Multinational pharmaceutical majors such as Sanofi, Novartis and GSK are in the race to buy out the domestic formulations business of debt-ridden Elder Pharmaceuticals. While Sanofi and GSK have put in non-binding bids, Novartis has signed a non-disclosure agreement. Sanofi is understood to have appointed HSBC as its investment banker. Private equity funds have also started negotiations to join the bidding process, according to three people close to the transaction. Elder Pharma, mired in huge debts, has mandated Japanese Investment bank Nomura and consultancy firm Ernst & Young to find a buyer through a negotiated transaction. The company’s advisor E&Y has completed vendor due diligence which was undertaken to ascertain the real value of assets that are being sold. (The Economic Times)
CCEA clears 7.64% National Fertilisers stake sale; to rake in over Rs 125 crore: The government on Thursday cleared the proposal for 7.64% stake sale in National Fertilisers Ltd (NFL), which is expected to fetch around Rs 125 crore ($22.44 million) to the exchequer. The CCEA has approved disinvestment of NFL though the offer for sale (OFS) route. At present, the government holds 97.64% stake in the target company. The Department of Disinvestment (DoD) has approached the CCEA for stake sale in the company through four merchant bankers IDBI Capital Market Services, Avendus Capital, SBI Cap and Kotak Investment Banking were in fray for managing the stake sale of NFL. (The Economic Times)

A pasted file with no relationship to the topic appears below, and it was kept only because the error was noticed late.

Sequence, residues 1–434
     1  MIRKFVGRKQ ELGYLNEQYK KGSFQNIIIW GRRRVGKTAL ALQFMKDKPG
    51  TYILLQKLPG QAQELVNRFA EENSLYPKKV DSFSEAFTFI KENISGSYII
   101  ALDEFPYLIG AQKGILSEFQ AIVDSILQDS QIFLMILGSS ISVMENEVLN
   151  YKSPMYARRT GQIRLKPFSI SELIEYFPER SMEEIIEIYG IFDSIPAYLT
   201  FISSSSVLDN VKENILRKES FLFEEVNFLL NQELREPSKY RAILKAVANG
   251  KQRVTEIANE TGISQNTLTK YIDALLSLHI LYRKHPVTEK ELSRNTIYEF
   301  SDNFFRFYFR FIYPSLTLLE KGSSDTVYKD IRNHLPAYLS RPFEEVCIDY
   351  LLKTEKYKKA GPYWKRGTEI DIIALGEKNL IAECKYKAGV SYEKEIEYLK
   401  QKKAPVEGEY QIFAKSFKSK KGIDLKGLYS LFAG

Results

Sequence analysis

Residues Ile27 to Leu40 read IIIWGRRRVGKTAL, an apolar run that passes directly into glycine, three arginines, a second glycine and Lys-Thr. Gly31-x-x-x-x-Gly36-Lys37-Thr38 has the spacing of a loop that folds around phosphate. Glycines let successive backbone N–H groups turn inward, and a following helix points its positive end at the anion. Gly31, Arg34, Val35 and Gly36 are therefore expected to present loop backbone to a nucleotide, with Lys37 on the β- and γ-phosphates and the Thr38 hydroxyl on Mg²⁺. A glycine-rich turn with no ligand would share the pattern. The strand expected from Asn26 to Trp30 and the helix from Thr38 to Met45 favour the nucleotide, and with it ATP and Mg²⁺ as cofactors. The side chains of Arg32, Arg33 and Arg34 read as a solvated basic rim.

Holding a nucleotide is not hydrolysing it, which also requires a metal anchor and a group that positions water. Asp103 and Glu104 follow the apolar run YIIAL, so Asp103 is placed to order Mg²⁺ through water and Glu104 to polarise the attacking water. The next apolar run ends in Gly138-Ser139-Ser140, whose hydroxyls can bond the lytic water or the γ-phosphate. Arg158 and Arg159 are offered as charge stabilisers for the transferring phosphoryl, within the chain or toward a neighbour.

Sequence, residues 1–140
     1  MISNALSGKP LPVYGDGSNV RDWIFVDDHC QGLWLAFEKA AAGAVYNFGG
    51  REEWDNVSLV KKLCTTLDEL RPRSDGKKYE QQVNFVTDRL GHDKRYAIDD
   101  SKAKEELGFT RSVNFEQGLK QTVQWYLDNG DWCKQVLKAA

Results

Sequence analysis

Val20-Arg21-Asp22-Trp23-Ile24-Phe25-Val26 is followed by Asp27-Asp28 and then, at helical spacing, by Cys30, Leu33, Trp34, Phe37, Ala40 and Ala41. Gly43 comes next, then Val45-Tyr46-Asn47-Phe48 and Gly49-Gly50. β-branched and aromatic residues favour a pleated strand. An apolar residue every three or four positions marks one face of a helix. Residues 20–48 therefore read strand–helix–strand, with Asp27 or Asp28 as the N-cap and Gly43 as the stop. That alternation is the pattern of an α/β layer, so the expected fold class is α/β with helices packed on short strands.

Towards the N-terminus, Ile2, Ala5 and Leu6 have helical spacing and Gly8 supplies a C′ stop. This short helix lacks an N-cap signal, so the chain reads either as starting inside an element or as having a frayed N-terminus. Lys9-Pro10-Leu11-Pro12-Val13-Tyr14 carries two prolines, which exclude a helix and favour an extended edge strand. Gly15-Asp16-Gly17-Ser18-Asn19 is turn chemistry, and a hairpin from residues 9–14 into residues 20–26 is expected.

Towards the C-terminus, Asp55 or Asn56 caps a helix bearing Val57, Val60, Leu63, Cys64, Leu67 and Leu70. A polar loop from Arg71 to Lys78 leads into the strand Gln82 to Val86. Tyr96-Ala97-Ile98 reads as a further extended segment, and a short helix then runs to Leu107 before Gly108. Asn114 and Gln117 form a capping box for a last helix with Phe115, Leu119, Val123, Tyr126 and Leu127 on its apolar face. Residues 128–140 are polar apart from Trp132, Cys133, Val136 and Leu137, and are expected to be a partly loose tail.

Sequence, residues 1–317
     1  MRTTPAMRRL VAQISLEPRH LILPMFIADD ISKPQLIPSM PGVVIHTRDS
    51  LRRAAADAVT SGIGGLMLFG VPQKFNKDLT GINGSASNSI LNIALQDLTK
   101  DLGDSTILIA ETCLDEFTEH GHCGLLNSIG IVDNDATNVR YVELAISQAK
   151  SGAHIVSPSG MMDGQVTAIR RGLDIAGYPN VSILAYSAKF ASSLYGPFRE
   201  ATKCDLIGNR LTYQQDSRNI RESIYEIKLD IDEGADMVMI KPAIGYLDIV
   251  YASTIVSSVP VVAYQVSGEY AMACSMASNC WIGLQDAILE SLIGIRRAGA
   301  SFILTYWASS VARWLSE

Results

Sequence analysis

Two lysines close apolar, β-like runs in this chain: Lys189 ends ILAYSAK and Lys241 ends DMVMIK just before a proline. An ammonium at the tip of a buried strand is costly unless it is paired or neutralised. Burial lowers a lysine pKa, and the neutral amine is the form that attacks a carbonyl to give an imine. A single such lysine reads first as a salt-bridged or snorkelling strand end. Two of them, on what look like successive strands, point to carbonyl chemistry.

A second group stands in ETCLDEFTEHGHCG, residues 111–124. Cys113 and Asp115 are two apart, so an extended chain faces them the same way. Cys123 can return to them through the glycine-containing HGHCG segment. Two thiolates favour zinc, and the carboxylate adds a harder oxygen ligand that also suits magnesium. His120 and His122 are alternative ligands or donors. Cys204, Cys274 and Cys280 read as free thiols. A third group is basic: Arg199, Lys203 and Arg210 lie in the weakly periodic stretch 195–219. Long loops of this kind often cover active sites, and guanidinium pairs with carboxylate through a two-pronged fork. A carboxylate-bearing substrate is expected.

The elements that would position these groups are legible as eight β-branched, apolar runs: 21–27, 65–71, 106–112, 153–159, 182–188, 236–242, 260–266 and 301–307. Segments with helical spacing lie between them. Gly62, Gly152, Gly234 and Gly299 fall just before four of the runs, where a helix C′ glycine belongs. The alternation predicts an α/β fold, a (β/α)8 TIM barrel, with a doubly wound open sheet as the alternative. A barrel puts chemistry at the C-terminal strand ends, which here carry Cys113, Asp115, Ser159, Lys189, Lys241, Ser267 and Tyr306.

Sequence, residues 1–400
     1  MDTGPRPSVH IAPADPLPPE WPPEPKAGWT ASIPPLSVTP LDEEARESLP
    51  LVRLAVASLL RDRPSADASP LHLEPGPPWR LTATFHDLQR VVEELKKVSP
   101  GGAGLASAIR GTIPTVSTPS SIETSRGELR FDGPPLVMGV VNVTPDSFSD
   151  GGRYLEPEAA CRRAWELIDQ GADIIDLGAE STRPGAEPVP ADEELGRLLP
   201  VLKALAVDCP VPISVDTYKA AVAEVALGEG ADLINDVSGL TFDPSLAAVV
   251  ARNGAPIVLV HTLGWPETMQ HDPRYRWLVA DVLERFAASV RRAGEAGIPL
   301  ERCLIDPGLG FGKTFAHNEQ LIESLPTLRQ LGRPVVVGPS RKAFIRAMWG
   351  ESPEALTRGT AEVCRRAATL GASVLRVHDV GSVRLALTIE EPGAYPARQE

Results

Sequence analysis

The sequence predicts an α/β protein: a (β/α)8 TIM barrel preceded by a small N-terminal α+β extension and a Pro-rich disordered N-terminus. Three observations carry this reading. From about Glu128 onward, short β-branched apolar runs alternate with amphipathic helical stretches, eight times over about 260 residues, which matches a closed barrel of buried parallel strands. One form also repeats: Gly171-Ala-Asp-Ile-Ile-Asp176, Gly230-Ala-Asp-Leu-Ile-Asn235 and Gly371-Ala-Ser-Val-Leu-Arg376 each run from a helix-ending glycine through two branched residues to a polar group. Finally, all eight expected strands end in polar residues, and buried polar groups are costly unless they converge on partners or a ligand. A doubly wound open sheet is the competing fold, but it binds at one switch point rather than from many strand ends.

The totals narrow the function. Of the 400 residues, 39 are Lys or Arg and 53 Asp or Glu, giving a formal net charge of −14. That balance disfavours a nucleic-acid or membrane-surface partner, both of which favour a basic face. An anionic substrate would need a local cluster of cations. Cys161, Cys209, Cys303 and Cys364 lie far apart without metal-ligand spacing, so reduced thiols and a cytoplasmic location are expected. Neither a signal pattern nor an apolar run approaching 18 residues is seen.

Jindal Said to be in talks for Liberia Iron Ore: Jindal Steel & Power Ltd. (JSP) is in talks to acquire an iron ore mine in Liberia as environmental hurdles at home prompt it to look overseas. The target is the Wologizi mine and negotiations are on with the government of the West African nation for approvals. A final decision is expected by the end of September, the person said. Jindal Steel, which scrapped purchase talks with Afferro Mining Inc. (AFF) in March and wrote off more than $90 million after abandoning a Bolivian iron ore project last year, is betting on Liberia’s need for foreign investment to grow a postwar economy. (Bloomberg)
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